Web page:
Can the New York Knicks protest wrong foul call on Jalen Brunson?

Ed Malloy admitted it was the wrong call after the game.
New York Knicks, Jalen Brunson
New York Knicks, Jalen Brunson / Carmen Mandato/GettyImages

The bottom line is that the New York Knicks got screwed. You can argue that other factors went into New York's 105-103 loss to Houston on Monday, and you'd be right. Let's not pretend that makes a pivotal last-second call any better.

Tom Thibodeau could not challenge the foul call on Jalen Brunson because he had already used it earlier in the game. The officials reviewed the play but only to confirm how much time was left on the clock. Shortly after, Ed Malloy confirmed that Jacyn Goble made the wrong call (subscription required).

"After seeing it during a postgame review, the offensive player was able to return to a normal playing position on the floor,” Malloy said in the interview with a pool reporter. “The contact, which occurred after the release of the ball, therefore is incidental and marginal to the shot attempt and should not have been called."

Ed Malloy, via The Athletic

In his postgame interview, Brunson deflected questions about the foul by saying it was a "great call." He and Thibodeau were careful not to get fined by the NBA, which is ironic they had to do so considering one of the league's employees (Goble) committed a costly mistake.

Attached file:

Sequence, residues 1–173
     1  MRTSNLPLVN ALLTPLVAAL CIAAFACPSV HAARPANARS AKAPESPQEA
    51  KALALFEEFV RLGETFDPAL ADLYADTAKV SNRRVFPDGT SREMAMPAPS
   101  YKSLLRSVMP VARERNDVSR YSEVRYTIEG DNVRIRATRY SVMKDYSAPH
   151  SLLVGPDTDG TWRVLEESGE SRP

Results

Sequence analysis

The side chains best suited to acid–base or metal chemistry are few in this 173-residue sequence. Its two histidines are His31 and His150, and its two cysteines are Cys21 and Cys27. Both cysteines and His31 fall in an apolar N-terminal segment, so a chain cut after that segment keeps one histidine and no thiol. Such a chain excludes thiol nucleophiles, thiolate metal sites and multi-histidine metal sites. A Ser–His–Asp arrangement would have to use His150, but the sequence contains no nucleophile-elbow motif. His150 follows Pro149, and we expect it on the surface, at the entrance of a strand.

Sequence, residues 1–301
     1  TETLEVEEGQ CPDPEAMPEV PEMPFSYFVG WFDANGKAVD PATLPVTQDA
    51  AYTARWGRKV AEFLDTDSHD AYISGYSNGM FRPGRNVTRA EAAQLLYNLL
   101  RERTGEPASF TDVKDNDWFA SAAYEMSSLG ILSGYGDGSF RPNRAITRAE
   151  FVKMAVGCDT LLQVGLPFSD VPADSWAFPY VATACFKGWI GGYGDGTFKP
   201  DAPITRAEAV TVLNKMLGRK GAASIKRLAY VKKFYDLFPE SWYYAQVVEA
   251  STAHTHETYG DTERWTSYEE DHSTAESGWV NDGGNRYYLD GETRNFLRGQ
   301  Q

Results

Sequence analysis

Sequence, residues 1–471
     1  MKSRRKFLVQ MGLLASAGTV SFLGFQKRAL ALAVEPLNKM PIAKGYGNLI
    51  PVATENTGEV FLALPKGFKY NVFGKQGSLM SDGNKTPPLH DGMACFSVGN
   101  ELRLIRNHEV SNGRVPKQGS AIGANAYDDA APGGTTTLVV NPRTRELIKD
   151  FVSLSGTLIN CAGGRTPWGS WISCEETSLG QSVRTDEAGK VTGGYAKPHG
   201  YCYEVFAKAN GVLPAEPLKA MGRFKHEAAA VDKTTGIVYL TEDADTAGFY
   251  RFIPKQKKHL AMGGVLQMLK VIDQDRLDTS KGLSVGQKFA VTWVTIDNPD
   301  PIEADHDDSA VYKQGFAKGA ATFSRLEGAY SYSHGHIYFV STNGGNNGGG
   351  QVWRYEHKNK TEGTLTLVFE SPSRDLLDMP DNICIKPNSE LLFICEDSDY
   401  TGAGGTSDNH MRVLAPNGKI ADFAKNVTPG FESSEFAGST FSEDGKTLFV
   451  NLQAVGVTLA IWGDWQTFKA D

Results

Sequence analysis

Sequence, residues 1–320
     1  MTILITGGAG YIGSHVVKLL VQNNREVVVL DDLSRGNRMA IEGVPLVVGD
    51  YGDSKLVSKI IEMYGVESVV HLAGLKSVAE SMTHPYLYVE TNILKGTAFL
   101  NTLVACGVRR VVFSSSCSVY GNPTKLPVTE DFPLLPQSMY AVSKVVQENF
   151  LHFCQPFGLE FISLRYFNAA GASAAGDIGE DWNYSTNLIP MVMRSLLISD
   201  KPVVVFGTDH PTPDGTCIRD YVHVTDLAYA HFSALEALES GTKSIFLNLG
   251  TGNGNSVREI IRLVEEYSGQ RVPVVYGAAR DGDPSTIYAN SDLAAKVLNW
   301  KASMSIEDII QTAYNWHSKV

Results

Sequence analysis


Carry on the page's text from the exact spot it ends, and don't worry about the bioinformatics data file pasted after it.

Knicks can file a protest in response to wrong Jalen Brunson foul call

As The Athletic's Fred Katz noted, it'll be tricky for New York to win a protest, even though Malloy already admitted it was the wrong call. Here's what the NBA looks at when a team files a protest:

"The process of protesting the outcome of an NBA game based on an incorrect ruling or misapplication of the rules does offer a final court of appeal for an especially aggrieved team."

Steve Aschburner, NBA

Technically, the Brunson foul call wasn't an incorrect ruling or misapplication of the rule. It was simply a missed call.

If the Knicks do protest the loss, Adam Silver will have the final say. Don't bank on Silver taking New York's side, though.

The last time a team won a protest was in 2007 (subscription required), so the odds aren't in the Knicks' favor. Don't be surprised if the organization decides not to file a protest, especially because it could cost them $10,000. That isn't a large sum of money to New York, but if the Knicks were to lose the protest, the league would keep the $10,000. It'd be a double blow to lose because of a wrong call and then to lose money in a protest.

Unfortunately, it's a lose-lose situation for New York. All that fans can ask is to keep Monday's officiating crew far away from the Knicks, at least Goble.